Biocurious is a weblog about biology, quantified.

Ten simple rules for selecting a [lab]

by PhilipJ on 3 December 2006

PLoS Computational Biology seems like lists as much as I do. This time around in Ten Simple Rules for Selecting a Postdoctoral Position they’re offering advice to those soon to be finishing their PhDs. In fact, the majority of the list is good reading for those who are about to start a graduate degree as well, so click here to read the whole list, no subscription required.

Since I’m in the proccess of figuring out labs in which I’d like to apply for my own PhD, I’ve spent a lot of time thinking about the combinations of rules 5 (Choose a Project with Tangible Outcomes That Match Your Career Goals) and 10 (Learn to Recognize Opportunities). Taking on exciting new projects by definition means you are charting in unknown waters, and tangible outcomes are no longer guaranteed (and even for a lot of me-too science). The editorial notes,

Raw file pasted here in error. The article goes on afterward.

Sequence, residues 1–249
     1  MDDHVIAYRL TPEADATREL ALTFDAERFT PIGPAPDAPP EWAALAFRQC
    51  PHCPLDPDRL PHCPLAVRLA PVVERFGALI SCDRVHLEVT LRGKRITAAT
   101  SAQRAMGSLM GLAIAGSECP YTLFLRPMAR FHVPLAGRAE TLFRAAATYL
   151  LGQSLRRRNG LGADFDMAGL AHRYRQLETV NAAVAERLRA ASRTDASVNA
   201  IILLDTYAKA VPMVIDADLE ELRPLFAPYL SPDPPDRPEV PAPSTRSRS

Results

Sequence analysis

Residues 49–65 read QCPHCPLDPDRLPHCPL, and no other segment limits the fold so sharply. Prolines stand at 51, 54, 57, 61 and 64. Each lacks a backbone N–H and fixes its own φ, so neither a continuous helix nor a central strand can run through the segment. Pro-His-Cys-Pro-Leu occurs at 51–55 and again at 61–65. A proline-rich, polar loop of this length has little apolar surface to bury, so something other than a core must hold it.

[f]or a future in academia, the most tangible outcomes are publications, followed by more publications.

How does one successfully ballance tangible outcomes (publishing papers [that people will read]) with choosing a lab doing novel and interesting science, and what are some safeguards from overly-ambitious “opportunities” that take too long to produce those tangible results? I’ve seen a number of really excellent talks (most recently at the Frontiers in Biophysics retreat), only to realise by the end that the number of dead ends graduate students (over a few generations) followed on these projects numbered much larger than the successes.

I’ve started learning the lessons, but I don’t yet have the answers.



  1. TheBrummell    3967 days ago    #

    test comment – am I blocked?